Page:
Help in determining building materials requirements... please!

Discussion in 'Multihulls' started by Navy Dave, Sep 24, 2007.

  1. Navy Dave
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    Navy Dave Junior Member

    Hello,

    I am a MBA student at Southern Methodist University - Cox School of Business. I am working on a five-year business plan project for a start-up boat manufacturing company. Not only is this a required project, but also I would like to see if this is a feasible project to actually pursue.

    My question is how many layers and of what kind (mat, weave, weight?) of Fiberglass media would you recommend for a 14.5' planeing, air-entrapment hull, given your experience? I also have no idea of what type of core material to use, other than I want it to be 100% wood free. The construction method will be vacuum infusion.

    My passion is fishing and water sports, but my expertise is in finance. If anyone can fill the gap with materials needed for this project I would be very appreciative.

    This is only for forecast financials. Inaccuracies in materials requirements can have a significant impact in my financial projections. So any help would be appreciated!

    Thanks to all in advance!

    Dave
     
    Last edited: Sep 29, 2007
  2. nero
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    nero Senior Member

    You would need a boat design before you could have a material list ... before you can create your boat company.

    The horse goes before the cart. smile
     
  3. alan white
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    alan white Senior Member

    Yes, the concept (what do you want the boat to do?), then the size, shape, and weight requirement (design parameters) derived from that, then the hull material choice, then the lamination schedule to achieve the design parameters.
    What you've described is either a sailboat or a motor boat with a max speed of between 10 and 40 knots. You can get some solid advice if you nail down the design concept---- describe it, and draw it out.

    Alan
     
  4. Navy Dave
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    Navy Dave Junior Member

    Clarification:

    Hello,

    Thank you for your willingness to lend your advice.

    The boat will be a 14.5’ planeing catamaran powerboat, with a stepped hull and center pod. I expect the boat to utilize a 50 hp motor. I envision a flats boat that is patterned in part after the sleek offshore catamaran racers.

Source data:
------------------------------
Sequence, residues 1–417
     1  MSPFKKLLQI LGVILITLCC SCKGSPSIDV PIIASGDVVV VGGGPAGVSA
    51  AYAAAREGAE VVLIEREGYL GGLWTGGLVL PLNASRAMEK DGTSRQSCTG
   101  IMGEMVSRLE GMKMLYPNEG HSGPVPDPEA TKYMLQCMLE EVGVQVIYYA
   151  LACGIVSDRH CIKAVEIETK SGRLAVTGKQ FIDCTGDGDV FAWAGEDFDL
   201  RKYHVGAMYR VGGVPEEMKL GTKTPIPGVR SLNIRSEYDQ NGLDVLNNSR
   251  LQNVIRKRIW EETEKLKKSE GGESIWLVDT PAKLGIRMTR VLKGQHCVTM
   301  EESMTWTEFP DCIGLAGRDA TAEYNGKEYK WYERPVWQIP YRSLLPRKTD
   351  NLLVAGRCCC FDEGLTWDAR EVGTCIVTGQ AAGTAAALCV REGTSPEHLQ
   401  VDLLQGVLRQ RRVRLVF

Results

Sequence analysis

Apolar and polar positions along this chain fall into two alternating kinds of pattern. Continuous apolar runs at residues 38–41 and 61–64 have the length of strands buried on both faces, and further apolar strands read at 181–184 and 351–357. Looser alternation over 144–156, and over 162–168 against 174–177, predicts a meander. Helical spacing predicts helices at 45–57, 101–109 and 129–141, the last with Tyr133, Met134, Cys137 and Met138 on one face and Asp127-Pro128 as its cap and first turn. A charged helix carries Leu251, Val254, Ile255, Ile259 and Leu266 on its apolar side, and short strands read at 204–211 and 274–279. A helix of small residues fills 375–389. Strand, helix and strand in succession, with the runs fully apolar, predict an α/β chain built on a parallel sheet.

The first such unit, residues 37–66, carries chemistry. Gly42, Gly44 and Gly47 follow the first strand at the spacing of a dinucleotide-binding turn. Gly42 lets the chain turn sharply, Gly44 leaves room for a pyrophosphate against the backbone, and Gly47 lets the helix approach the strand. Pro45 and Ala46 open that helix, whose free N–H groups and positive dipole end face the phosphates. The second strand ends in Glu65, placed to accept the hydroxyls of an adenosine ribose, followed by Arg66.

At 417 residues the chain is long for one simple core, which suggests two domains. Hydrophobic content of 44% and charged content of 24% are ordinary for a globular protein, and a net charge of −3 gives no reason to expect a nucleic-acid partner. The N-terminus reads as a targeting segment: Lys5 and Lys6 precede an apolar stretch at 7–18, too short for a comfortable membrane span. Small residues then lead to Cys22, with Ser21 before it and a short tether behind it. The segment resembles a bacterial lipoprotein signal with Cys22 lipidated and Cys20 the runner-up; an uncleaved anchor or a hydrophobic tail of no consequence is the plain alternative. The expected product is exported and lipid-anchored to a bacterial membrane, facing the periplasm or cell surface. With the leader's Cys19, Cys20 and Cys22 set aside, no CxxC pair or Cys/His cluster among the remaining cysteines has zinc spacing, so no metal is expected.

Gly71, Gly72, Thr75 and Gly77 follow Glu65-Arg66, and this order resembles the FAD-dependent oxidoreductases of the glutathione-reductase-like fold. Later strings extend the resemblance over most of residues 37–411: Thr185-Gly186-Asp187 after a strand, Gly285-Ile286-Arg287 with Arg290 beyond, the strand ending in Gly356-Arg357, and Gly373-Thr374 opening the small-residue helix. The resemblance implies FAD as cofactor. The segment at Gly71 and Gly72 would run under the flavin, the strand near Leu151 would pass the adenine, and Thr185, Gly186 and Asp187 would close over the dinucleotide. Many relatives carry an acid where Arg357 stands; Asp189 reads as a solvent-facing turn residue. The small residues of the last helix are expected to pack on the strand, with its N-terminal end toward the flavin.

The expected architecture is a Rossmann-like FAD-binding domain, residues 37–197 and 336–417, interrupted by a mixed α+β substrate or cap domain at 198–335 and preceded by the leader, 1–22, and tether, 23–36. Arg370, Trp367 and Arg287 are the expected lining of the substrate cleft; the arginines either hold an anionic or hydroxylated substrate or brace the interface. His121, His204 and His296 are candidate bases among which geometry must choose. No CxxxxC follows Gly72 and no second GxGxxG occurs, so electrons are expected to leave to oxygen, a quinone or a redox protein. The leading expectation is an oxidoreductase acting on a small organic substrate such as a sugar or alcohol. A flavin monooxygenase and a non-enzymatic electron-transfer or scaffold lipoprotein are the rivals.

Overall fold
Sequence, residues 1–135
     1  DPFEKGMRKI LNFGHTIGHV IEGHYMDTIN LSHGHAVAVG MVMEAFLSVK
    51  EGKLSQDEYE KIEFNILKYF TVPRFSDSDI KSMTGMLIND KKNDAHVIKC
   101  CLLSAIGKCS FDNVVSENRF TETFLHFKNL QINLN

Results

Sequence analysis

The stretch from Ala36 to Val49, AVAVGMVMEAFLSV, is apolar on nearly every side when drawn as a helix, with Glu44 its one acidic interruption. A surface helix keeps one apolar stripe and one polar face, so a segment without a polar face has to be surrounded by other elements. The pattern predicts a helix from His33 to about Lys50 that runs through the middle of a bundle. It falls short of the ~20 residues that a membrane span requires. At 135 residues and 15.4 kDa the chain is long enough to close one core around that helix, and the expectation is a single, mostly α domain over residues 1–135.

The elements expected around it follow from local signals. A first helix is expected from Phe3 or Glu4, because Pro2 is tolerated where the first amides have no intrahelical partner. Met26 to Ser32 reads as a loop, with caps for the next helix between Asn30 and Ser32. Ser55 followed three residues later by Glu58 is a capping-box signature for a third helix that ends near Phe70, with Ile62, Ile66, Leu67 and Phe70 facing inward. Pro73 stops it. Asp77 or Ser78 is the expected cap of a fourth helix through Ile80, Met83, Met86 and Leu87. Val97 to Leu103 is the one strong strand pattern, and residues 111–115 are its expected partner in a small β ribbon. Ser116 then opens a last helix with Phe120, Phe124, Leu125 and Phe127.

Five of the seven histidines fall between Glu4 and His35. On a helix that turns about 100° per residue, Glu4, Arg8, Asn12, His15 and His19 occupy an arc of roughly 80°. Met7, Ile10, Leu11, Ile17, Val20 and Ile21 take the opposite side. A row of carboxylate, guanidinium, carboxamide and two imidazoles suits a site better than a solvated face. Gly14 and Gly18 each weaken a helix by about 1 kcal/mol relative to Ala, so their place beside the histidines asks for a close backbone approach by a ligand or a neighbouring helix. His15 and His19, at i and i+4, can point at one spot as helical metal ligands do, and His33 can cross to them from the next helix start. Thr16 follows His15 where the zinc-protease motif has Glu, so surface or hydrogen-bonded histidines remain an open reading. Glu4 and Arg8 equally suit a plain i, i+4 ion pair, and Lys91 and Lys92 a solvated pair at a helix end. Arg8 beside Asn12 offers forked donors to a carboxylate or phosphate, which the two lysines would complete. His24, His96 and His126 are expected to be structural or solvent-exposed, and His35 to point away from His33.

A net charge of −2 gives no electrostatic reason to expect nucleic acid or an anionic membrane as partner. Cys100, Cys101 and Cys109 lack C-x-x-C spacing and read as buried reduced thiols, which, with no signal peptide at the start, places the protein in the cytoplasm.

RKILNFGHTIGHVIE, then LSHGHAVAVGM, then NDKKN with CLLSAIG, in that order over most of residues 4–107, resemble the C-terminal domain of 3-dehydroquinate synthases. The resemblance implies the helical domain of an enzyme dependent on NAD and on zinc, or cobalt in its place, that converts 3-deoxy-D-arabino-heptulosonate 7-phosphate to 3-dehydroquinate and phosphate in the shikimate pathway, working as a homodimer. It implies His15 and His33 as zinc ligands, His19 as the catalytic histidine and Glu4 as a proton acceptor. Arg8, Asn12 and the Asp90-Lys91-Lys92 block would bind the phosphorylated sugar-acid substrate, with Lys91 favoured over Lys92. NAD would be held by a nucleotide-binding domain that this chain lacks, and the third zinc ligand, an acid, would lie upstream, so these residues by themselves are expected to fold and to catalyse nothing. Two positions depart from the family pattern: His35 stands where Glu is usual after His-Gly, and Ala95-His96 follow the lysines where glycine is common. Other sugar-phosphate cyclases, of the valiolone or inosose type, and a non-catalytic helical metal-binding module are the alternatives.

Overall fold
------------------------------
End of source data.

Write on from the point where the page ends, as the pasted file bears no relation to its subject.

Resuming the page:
The primary intended use is flats fishing in protected waterways.

    The target weight is 700-800 lbs.

    There will be two models:
    1) Fiberglass vacuum resin infused
    2) Kevlar/Graphite weave

    I have no idea of material weight to use, type of media (mat, weave, etc)

    The measurements are:

    14.5’ long
    6.5-7’ wide
    2.5-3’ gunwales

    I do not have any cad drawings, as the time frame is very tight on this project. If the numbers workout, I will continue to pursue this project further.

    Let me know if there are any other details that need further clarification.

    Thank you once again.
    Dave
     
  5. alan white
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    alan white Senior Member

    Out of my league, Dave, compared to some guys here. As a cat, I would foam-fill the floats, which adds stiffness by means of flotation already required, meaning the cloth schedule could be reduced relative to no foam being used. The pod would be quite stiff if somewhat egg-shaped, eliminating the need for foam-coring in that lay-up. My guess (if glass) is you'd use a combination of some specialized cloth and some woven roving, as mat makes for a resin-rich (heavy) lay-up.
    But I'd defer to the real goop artists here. Especially concerning lay-up schedules.
     
  6. rob denney
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    rob denney Senior Member

    G'day,

    For a small planing boat, the hulls below the water will be solid glass, say 600 gsm of csm with 600 gsm roving either side. Using a core for the sides and deck will save a little weight, but at great expense. I would use 4mm coremat with 600 rovings either side instead and ensure that any furniture is structural. Mould some top hat stringers under the bridgedeck to stiffen it up, maybe along the sides as well. Make the transom at least twice as strong as you think it needs to be, there are non plywood alternatives available, and make sure it is tied to the rest of the boat with frames. Make everything as curved as possible to give it stiffness.